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Archimedes was a Greek mathematician and inventor who was born in 287 BC in Syracuse, a Greek city-state in Italy. He spent most of his life in Syracuse and collaborated with multiple fellow mathematicians, including Conon of Samos and Eratosthenes of Cyrene, to make new discoveries.

Archimedes made several renowned contributions to science and math. He created two spheres - one was a star globe, and the other was a mechanical representation of the movements of the sun, moon, and planets. His Archimedes screw pump, a device used to raise water for irrigation pumps using a rotating helix screw, is still used in developing countries today.

Two of Archimedes’ acclaimed mathematical accomplishments include the discoveries of formulas for calculating the surface area and volume of a sphere. Archimedes determined that the surface area of a sphere with radius r can be calculated as four times the area of its biggest circle, also known as SA = 4r2. He also deduced that the volume of any sphere is 2/3 that of a cylinder in which it is inscribed, resulting in the formula for volume of a sphere: V = r3. This discovery was important enough to Archimedes that he left instructions for his tomb to show a drawing of a sphere inscribed inside a cylinder upon his death.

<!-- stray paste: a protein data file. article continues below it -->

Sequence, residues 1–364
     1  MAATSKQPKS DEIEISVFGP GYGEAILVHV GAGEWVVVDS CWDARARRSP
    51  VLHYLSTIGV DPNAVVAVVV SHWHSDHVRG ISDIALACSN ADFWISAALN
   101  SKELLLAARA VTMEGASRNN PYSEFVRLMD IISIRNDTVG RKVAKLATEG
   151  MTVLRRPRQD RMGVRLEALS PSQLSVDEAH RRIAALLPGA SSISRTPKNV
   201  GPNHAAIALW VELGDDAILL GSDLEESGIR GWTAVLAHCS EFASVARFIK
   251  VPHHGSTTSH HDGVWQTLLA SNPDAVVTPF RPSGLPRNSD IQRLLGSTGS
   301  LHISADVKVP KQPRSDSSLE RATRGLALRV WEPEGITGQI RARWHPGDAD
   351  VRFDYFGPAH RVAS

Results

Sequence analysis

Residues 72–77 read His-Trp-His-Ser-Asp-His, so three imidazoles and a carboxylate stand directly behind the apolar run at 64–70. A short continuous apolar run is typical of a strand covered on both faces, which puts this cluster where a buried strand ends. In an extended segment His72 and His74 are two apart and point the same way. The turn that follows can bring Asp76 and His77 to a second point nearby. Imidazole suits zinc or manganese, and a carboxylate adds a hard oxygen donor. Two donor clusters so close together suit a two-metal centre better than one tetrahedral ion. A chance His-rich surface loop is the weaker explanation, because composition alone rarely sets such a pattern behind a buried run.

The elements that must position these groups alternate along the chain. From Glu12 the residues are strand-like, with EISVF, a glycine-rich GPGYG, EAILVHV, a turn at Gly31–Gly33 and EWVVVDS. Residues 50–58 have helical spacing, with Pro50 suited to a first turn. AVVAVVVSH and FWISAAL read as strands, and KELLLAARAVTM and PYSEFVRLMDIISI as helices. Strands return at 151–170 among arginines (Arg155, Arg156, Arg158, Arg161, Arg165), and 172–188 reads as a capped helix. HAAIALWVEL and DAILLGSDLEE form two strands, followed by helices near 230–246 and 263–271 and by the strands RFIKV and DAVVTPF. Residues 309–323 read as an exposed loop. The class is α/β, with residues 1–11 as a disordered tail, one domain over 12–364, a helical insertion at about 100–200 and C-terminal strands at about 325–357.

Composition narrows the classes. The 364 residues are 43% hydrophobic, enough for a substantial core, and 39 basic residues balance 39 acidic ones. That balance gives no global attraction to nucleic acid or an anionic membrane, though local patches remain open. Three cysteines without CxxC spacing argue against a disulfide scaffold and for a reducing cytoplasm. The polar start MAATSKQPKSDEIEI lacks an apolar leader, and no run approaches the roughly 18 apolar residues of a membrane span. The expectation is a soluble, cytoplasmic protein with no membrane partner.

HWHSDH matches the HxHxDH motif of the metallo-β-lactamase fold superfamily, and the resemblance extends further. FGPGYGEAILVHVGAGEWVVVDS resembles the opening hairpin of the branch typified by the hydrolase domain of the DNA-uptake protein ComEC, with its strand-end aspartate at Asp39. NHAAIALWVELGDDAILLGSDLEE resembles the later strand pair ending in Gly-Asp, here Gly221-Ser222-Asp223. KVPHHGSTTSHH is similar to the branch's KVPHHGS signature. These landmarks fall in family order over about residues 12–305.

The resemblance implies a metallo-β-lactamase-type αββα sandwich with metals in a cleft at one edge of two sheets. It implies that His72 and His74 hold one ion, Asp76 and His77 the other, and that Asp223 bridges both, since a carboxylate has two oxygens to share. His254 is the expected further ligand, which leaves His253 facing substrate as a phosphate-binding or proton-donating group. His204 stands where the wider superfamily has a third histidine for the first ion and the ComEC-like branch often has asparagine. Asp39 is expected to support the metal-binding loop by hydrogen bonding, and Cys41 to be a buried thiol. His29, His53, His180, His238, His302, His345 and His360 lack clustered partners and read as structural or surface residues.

One famous story about Archimedes involves his quest to calculate the proportion of gold and silver contained in an ornate wreath as per the orders of King Hieron II. According to legend, Archimedes discovered suddenly that he could observe the relative densities of gold and silver by weighing the wreath in water; as he was in his bathtub when he came upon this realization, he supposedly ran through Syracuse naked shouting “Eureka!” This tale is likely untrue, but it is an amusing way of remembering another of Archimedes’ accomplishments.

Archimedes died in either 212 or 211 BC in Syracuse, but his inventions and equations remain full of life—as does the striking image of him sprinting through Syracuse, bursting with excitement about his latest discovery.